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and Mr. Wormley. These witnesses are all colored, but even without the new law nobody would question their testimony. I add my own acquaintance with the case. At my house, Mr. Douglass, while speaking not unkindly, said that he felt the President's neglect in not inviting him to dine, which was more noticeable, as he had gone to San Domingo at the express invitation of the President, and on his return was insulted on board the Potomac mail-packet. He added, that an invitation from the President would have been a proper rebuke to those who had insulted him.

I will add, that it is a matter of common notoriety that Mr. Douglass did not disguise his feelings on account of this Presidential incident.

Such are the facts and the evidence. I think that you will see, my dear Sir, that, if there is any misstatement, or, as you express it, " perversion of facts," it is not on my part.

Faithfully yours,




BOSTON, August 24, 1872.

MY DEAR SIR, I am directed by the Liberal Republican State Committee to communicate to you a vote of which the following is a copy :

"Voted, That the Chairman, in the name of the Liberal Republican State Committee, invite the Hon. Charles Sumner to address his constituents on Public Affairs in Faneuil Hall, at the earliest day that may suit his convenience."

Allow me to add my earnest personal wishes that you will be able to comply with the request. "The great soul of the world is just," and the sober second thought of the people of Massachusetts will, I doubt not, sustain you in the position you have taken in favor of Reform and Reconciliation, and therefore of the election of Greeley and Brown. Very faithfully yours,



BOSTON, August 30, 1872.

DEAR SIR, I have been honored by your communication of August 24th, inviting me in the name of the Liberal Republicans of Massachusetts, to speak in Faneuil Hall. It is with inexpressible pain and regret that I feel constrained to decline this flattering opportunity.

I had confidently hoped, on returning home, to meet my fellow-citizens in that venerable forum, so dear to us all, and to speak once more on great questions involving the welfare of our country; but recurring symptoms of a painful character warn me against any such attempt. My physician advises that I must not for the present make any pub lic effort, and he prescribes rest. Valued friends, familiar with my condition, unite with the excellent physician.

In submitting most reluctantly to these admonitions, I cannot renounce the privilege of communicating with my fellow-citizens, and therefore hand you a copy of what, with the blessing of health, I hoped to say. In the House of Representatives undelivered speeches are sometimes ordered to be printed. You may follow this precedent with mine, or do with it as you please. Meanwhile accept my best wishes, and believe me, dear Sir,

Very faithfully yours,


HON. FRANCIS W. BIRD, Chairman, etc.



NELLOW-CITIZENS,- It is on the invitation of the State Committee of Liberal Republicans that I have the honor of addressing you. I shall speak directly on the issue before us. If I am frank and plain, it will be only according to my nature and the requirement of duty at this time. But nothing can I say which is not prompted by a sincere desire to serve my country, and especially to promote that era of good-will, when the assent of all shall be assured to the equal rights of all.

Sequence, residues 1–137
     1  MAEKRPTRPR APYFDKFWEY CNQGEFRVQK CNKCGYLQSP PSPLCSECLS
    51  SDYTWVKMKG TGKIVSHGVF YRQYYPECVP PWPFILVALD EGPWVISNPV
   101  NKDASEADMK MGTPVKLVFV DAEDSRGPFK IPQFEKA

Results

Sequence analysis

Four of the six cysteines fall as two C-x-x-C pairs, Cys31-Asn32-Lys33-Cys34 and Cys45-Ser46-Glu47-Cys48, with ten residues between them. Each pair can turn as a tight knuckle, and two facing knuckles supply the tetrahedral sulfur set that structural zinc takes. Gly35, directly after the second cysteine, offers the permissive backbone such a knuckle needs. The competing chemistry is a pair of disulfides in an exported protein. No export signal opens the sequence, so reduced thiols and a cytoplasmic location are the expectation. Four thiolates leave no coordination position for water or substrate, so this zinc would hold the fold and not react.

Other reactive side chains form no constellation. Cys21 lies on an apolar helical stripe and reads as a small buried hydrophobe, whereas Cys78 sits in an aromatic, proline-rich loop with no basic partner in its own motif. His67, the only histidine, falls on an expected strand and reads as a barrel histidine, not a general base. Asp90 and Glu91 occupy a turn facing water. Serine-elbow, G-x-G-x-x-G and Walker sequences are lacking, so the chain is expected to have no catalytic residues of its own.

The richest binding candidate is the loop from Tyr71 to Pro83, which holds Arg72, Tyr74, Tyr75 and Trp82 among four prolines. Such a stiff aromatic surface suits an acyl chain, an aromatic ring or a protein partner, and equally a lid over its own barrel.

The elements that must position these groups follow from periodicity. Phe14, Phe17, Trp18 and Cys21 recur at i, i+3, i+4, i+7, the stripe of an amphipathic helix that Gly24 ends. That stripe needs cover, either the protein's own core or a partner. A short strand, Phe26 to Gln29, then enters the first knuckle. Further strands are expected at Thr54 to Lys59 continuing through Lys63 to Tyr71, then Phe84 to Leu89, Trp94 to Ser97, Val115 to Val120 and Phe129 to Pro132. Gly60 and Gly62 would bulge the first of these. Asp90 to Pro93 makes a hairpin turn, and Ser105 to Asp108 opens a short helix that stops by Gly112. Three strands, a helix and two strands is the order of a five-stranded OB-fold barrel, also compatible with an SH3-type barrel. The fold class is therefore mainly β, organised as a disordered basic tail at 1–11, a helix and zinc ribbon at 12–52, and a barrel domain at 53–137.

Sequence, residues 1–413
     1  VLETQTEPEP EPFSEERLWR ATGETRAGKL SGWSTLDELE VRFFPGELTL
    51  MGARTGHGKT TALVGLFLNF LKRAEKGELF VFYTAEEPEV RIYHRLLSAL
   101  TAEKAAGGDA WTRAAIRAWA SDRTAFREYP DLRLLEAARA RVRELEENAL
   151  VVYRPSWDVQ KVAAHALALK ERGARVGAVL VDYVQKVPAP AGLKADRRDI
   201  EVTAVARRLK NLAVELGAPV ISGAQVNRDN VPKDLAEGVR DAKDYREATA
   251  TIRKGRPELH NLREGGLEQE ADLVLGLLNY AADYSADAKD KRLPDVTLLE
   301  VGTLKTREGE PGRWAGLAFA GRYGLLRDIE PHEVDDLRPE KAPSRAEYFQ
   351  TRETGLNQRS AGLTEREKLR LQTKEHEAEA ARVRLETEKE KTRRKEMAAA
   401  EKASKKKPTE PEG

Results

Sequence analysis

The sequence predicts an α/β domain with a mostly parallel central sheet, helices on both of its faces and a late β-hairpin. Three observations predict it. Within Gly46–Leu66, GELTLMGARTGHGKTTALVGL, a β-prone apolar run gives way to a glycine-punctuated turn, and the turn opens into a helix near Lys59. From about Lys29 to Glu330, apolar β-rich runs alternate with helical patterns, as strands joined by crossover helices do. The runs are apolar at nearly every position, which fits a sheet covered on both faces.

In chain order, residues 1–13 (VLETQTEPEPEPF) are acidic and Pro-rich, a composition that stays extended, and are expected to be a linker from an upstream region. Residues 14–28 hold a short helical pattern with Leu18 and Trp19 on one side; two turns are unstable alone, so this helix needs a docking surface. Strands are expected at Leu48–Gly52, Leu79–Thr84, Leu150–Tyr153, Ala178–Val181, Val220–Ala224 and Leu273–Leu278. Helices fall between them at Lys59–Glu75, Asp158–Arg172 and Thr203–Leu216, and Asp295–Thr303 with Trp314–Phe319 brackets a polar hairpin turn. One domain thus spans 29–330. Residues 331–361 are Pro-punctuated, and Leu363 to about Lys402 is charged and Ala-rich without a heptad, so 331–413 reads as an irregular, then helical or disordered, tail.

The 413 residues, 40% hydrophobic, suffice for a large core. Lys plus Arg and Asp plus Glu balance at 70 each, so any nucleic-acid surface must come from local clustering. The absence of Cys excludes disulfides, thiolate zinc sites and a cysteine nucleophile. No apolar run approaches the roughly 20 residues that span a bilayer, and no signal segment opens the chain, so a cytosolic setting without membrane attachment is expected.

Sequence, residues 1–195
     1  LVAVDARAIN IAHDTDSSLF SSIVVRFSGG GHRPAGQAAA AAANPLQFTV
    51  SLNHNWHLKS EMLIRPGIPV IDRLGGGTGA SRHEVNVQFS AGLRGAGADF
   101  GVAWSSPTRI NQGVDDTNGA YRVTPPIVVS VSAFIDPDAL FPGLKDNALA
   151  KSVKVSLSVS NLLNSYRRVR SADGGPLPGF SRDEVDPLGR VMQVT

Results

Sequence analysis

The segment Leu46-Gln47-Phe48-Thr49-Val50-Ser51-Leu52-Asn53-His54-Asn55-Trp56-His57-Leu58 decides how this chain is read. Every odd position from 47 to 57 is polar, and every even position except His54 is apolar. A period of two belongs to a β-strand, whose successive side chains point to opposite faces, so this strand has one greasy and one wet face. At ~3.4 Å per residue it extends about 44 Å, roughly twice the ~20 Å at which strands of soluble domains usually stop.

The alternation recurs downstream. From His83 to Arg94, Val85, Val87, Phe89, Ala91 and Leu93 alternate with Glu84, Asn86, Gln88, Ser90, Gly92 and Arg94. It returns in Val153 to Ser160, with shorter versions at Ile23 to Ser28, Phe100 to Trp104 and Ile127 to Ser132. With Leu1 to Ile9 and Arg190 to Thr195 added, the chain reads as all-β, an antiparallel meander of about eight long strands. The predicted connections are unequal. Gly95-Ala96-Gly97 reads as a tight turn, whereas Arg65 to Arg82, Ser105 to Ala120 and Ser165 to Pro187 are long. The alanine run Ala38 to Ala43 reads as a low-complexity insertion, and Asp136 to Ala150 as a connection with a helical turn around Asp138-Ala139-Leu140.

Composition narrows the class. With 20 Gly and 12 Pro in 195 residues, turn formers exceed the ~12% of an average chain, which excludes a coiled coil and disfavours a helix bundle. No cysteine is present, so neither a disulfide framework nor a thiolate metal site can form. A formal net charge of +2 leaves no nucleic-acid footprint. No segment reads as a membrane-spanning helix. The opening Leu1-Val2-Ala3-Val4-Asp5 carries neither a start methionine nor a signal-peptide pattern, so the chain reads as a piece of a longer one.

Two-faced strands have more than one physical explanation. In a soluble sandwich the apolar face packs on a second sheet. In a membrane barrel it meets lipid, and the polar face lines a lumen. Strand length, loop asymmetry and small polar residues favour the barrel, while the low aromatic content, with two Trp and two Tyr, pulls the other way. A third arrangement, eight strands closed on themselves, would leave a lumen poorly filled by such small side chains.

AT the approaching Presidential Election the people are to choose between two candidates. By the operation of our electoral system, and the superadded dictation of National Conventions, the choice is practically limited to President Grant and Horace Greeley; so that no preference for another can be made effective. One of these must be taken. Preferring Horace Greeley, I have no hesitation in assigning the reasons which lead me to this conclusion.

Believing the present incumbent unfit for the great office to which he aspires for a second time, and not doubting that a vote for him would be regarded as the

sanction of abuses and pretensions unrepublican in character, I early saw the difficulty of taking any part for his reclection. Long ago I declared, that, while recognizing party as an essential agency and convenience, I could not allow it to constrain my conscience against what seemed the requirements of public good. Regarding always substance rather than form, I have been indifferent to the name by which I might be called. Nor was I impressed by the way in which the candidate was urged. Supporters, while admitting his failure, and even the abuses and pretensions so notorious in his civil life, commended his reëlection as necessary to uphold the party with which I have been associated. But it is easy to see that a vote for such a candidate on such a reason was “to do evil that good might come," which is forbidden in politics as in morals.


Two courses seemed open. One was to abstain from voting, and I confess that this was my first inclination. But it is not easy for me to be neutral, where wrong-doing is in question; nor is it my habit to shrink from responsibility. But the doubt that beset me was removed when I saw the Democratic Party adopt the candidate opposed to President Grant, being an original Republican already nominated by a Republican Convention, and at the same time accept the Republican platform on which he was nominated. An old party, which had long stood out against the Republican cause, now placed itself on a Republican platform, the best ever adopted, with a Republican candidate, who was the most devoted Republican ever nominated, thus completely accepting the results of the war, and offering the hand of reconciliation. At once the character of the contest changed. This was no common

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